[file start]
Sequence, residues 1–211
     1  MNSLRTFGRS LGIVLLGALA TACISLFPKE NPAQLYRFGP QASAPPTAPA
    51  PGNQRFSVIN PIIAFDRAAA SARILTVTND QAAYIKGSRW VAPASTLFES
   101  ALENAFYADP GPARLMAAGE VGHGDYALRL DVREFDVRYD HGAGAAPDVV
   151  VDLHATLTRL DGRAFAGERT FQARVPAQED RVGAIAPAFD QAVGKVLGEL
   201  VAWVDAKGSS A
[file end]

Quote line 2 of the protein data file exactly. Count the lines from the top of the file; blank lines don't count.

     1  MNSLRTFGRS LGIVLLGALA TACISLFPKE NPAQLYRFGP QASAPPTAPA